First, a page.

Flights of Faith

Saturday, December 20, 2008

Have Faith, Christmas Is Near!

Rudolph, Frosty, Jack Frost, The Grinch, Elves, and Santa Claus.

Angels. Shepherds. The Three Wise men. Mary. Joseph. Baby Jesus.

These are the traditional players in this season of Christmas. I’ve always found one lineup more appealing than the others. I was never a fan of Santa.

But even liking the Christmas story did not make me understand it more. I think the thought most of my life was since we all celebrate our own birthdays then of course we are going to celebrate Jesus’ birthday. And it deserves to be a big party. When looking for meaning in the celebration though, I got a bit lost. We seemed to be thankful for Jesus…but because of what happened later during his ministry and the Easter story.

So, I pondered Christmas for a little bit. What does it mean?

For awhile, I found the meaning in others’ celebration of it. It became the time where everyone was more like us, when the weekly Christians met the holiday Christians and visions of one God and one Body danced through our heads.

It was a time when charity and love of neighbor was the norm, and the hearts of Christians and non-Christians alike burned when seeing their fellow man or woman out of luck. As long as the Christmas lights were on, we were game for these Christmas mini-miracles.

Suddenly, December started to seem like too much of a good thing. It started to seem like a window of opportunity instead of a springboard for an amazing flight into the new year. It was characterized by some sort of desperation or a seasonal sigh that “finally, music celebrating Christ will be on the radio. Finally, we might have compassion for fellow humans. And finally, I might feel some rest for my weary soul on this Earth of ours.” Christmas became a seasonal retreat instead of a yearly advance.

This started my Christmas blues. For me, I saw a Christian responsibility to the Cross. The birth of Christ, of course, remained a precious story to me. However, I felt a bit uncomfortable with a baby wrapped in swaddling clothing being called cute when He should be called powerful and almighty. Were we avoiding something when looking at the Nativity?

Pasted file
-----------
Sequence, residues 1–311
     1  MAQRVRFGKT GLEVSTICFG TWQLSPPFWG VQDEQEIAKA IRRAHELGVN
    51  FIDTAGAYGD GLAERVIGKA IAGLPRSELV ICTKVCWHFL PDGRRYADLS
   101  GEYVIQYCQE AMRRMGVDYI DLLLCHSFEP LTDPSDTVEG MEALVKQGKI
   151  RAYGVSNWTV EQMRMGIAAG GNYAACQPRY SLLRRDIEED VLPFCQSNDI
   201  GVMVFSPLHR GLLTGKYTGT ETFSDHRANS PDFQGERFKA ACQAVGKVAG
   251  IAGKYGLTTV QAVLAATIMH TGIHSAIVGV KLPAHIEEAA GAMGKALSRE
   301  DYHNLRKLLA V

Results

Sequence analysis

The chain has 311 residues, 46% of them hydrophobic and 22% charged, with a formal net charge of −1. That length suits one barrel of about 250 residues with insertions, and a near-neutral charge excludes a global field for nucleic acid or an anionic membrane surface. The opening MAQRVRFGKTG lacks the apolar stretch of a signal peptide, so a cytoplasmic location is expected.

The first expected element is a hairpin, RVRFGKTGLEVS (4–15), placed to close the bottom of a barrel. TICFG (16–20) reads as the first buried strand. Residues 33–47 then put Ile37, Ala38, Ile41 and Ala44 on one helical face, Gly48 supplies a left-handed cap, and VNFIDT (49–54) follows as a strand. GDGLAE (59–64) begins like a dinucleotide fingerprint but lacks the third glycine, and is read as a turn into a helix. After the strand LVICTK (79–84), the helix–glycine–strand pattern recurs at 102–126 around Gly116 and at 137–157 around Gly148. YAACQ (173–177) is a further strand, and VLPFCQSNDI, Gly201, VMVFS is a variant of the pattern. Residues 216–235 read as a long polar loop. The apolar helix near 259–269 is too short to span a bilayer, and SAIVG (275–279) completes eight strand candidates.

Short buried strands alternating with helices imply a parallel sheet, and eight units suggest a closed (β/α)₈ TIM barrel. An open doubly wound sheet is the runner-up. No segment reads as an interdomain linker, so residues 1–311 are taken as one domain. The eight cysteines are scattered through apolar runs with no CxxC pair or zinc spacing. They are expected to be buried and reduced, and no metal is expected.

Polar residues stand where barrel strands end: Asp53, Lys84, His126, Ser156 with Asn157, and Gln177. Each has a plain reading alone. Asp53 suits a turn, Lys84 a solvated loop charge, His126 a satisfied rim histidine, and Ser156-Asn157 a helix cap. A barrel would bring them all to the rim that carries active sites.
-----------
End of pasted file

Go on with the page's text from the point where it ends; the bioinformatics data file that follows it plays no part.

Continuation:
I think I found my way back to the manger from the Cross. When I read Jesus’ words at the Garden of Gethsemane I actually understood more about Christmas.

34"My soul is overwhelmed with sorrow to the point of death," [Jesus] said to them. "Stay here and keep watch." 35Going a little farther, he fell to the ground and prayed that if possible the hour might pass from him. 36"Abba,[a] Father," he said, "everything is possible for you. Take this cup from me. Yet not what I will, but what you will." (Mark 14:34-36)

This private moment of Jesus displays his human vulnerability, yet also testifies to His divine strength and humble submission to have faith in His Father even in the hardest of times. It came down to faith, trust in God’s victory and faithfulness to His amazing promises.

Then, I saw something beautiful. And perhaps, this is the real Christmas miracle: Jesus is called a Savior from birth because God had faith in Jesus’ ability to save us. He had faith that Jesus would take the cup offered to Him and that His death would be a pathway for our life. Prophecy wasn’t meant to simply be a way to advance the Biblical plot. It became a way that people came to know that being mighty to save is part of God’s character. That’s why the people we usually see huddled around the manger were eager to hear and willing to follow.